Today, in the modern world, many unfulfilled office workers pining for a fulfilling career or to become "actualized" are told by motivational writers to "Follow your passion" or are asked by career counselors, "What are you willing to suffer for?" The answer can help indicate what other job the respondent should have instead.
Another common question, "If you were guaranteed to not fail at it, what would you do for work?"
I presume a degree of reasonableness is expected by the respondent. A 45-year-old answering, "I'd be an NFL quarterback" would undoubtedly and sensibly be met with qualifying questions, such as what aspects in particular of being an NFL quarterback appeals to them, because the career path itself is Not An Option.
The matter is that of eudaimonia, a Greek word meaning a full, flourishing life. The advice of the motivators seems to assume eudaimonia requires a job with passion That may be true for many people. But, I suspect not for all. I feel that Epicurus' definition of eudaimonia sometimes gets overlooked: eudaimonia as ataraxia—peace and freedom from fear—aponia—the absence of pain—and living self-sufficiently among friends.
For such a life, having a job that isn't fulfilling but at least causes no pain may be a satisfactory mean to an end that is tranquility and friendship: the job pays the rent, buys the food, and so long as it does not compromise the pleasures of adequate self-sufficiency and friendship, is the useful mechanism for Epicurean eudaimonia. In practical terms, this might mean, for example, a job free of a micromanaging boss and that doesn't require regularly working until late.
I look at the world-traveling freelancers abundant on Instagram (photos of Angkor Wat abound) and read the newsletters of the motivators, and I wonder at what point the quest of achieving a career involving "flow" at work—tasks so engaging that a sense of time is lost—and finding your passion become a kind of cult or obsession so consuming that more Epicurean delights nearer to hand get frequently overlooked.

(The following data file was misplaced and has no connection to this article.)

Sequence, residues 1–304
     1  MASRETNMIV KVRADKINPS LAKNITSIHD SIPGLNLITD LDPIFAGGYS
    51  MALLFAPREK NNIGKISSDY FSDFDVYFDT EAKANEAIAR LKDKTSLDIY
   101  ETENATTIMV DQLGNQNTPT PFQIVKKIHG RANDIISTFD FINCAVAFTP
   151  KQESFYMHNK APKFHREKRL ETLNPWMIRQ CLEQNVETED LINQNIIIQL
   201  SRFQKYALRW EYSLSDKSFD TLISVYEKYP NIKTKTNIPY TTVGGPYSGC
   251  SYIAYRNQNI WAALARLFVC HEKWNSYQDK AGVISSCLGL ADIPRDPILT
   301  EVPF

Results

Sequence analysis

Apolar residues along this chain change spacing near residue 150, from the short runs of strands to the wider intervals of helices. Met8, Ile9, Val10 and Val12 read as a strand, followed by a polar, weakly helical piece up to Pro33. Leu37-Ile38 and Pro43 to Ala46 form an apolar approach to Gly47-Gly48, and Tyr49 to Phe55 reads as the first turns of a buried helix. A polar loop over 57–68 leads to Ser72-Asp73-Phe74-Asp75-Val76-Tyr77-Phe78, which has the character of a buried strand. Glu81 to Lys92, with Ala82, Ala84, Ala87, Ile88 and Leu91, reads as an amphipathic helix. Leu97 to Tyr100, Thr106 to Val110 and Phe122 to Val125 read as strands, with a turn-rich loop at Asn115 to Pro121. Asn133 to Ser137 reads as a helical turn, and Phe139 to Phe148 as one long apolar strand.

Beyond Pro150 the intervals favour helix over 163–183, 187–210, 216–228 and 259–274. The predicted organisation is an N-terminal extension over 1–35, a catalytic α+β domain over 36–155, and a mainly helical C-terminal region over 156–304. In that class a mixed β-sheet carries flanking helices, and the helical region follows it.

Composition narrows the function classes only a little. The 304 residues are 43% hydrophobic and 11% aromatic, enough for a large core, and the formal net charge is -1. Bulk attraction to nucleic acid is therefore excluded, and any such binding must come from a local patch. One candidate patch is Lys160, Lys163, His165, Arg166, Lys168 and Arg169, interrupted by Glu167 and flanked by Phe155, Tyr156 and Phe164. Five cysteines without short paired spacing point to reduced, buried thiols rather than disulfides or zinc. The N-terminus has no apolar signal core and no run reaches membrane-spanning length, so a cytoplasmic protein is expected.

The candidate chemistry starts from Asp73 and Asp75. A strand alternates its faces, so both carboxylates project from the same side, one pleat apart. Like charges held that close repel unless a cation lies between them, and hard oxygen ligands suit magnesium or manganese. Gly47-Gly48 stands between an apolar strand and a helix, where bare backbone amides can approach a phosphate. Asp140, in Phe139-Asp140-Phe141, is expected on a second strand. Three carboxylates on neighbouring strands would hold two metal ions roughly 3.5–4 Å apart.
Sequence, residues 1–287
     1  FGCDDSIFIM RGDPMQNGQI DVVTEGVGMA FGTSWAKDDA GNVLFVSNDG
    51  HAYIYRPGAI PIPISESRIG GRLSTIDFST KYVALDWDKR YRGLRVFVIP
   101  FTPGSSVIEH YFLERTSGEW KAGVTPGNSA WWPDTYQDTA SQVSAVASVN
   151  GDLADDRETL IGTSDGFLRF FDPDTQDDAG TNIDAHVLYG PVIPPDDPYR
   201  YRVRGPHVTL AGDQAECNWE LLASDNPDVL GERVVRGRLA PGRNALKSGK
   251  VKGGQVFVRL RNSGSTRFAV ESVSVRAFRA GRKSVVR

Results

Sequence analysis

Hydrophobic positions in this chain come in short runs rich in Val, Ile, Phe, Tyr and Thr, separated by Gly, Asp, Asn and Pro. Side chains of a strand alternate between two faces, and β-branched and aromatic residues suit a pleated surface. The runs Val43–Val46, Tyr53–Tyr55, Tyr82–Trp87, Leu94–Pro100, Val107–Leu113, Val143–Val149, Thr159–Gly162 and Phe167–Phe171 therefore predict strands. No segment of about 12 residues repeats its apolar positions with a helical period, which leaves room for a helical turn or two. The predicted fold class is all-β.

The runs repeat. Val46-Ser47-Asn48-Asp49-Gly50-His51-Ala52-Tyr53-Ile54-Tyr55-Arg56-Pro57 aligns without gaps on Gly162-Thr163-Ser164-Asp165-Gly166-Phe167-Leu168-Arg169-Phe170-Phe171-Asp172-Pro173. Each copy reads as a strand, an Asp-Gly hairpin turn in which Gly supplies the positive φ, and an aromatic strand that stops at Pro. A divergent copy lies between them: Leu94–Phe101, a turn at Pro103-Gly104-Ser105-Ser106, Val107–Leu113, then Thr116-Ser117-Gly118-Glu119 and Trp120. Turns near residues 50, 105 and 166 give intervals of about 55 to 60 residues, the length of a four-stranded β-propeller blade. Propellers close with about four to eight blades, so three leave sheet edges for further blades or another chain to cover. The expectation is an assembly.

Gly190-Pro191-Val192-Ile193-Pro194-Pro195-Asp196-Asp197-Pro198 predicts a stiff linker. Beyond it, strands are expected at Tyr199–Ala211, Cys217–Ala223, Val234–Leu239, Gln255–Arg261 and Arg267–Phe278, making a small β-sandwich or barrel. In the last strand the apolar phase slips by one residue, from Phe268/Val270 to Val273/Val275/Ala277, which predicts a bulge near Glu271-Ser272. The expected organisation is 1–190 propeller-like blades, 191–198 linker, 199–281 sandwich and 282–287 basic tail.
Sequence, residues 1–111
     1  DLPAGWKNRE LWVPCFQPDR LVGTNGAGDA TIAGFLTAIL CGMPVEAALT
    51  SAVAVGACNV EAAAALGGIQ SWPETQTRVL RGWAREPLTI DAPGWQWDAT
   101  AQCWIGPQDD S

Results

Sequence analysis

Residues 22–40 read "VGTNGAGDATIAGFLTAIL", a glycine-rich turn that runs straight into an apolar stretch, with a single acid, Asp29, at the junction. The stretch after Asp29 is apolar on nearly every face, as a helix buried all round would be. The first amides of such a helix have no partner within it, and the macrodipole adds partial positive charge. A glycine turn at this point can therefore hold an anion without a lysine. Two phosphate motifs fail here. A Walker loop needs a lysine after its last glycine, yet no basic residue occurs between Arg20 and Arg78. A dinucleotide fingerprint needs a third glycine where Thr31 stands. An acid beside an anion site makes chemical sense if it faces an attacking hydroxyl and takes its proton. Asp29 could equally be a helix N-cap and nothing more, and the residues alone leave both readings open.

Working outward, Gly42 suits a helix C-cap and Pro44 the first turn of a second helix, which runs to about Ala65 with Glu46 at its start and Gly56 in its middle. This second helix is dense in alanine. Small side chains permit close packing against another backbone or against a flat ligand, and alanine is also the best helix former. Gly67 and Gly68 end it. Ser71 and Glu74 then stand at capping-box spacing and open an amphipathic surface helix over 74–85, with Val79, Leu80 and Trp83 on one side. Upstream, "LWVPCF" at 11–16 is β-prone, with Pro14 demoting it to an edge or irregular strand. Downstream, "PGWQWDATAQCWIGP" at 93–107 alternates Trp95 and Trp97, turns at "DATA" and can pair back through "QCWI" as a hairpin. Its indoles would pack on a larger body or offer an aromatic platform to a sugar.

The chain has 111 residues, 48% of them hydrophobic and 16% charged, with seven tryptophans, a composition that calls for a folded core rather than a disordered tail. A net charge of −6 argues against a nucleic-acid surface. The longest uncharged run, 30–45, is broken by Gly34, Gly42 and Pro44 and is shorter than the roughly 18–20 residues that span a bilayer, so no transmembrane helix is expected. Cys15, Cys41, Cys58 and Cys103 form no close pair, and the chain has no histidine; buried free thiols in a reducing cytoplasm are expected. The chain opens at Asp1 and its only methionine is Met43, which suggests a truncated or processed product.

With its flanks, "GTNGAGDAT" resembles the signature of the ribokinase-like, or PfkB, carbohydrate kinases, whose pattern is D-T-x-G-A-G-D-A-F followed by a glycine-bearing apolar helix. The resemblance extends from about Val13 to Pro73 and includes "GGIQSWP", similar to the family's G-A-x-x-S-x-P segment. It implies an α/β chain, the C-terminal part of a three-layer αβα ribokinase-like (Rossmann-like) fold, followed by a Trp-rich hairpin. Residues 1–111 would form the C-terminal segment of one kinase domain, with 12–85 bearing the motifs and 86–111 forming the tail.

Shantideva, Bodhisattvacharyavatara (A Guide to the Bodhisattva's Way of Life, c. AD 700)—
They actually run toward misery itself.
Although they want to be happy, out of ignorance
Perhaps the philosophers were looking for an ultimate eudaimonia that satisfies all people. I don't know, I'm not a student of philosophy. But my assumption is that eudaimonia differs based on the individual.
For some, perhaps Epicurean eudaimonia is at best a happy and periodic way-station. It may hold for some a potential as a trap, even a doorway to later misery from boredom, it's tranquility a siren call, a dangerous allure into being safe but not happy, because for them happiness requires, perhaps, thrill or even risk. But for others, it may be eudaimonia fully achieved, and the desire to seek "flow" and to follow their passion—perhaps it's not wholly a desire but also an external pressure—is the bedeviling temptress. They're looking to photograph Angkor Wat or to write the great American novel, but the ladybug would do, if only they'd look, the well-crafted e-mail to a friend in need, if only they'd write it, or the sunset shared with a spouse or offspring, if only they'd take them by the hand.
The real trouble is, I suspect, that most people are a bit of both, the work eudaimonia and the life eudaimonia or Epicurean, and the trick is to find out what proportions of each you are and live—that is makes choices—accordingly. The ancient Delphic maxim "Know thyself" has several possible meanings, but surely one viable option is something like knowing what eudaimonia is for you.
Images: The ruins of Delphi, Tholos, Greece. Bust of Aristotle. Marble, Roman copy after a Greek bronze original by Lysippos from 330 BC (alabaster mantle added in modernity), Palazzo Altemps, Rome, Italy.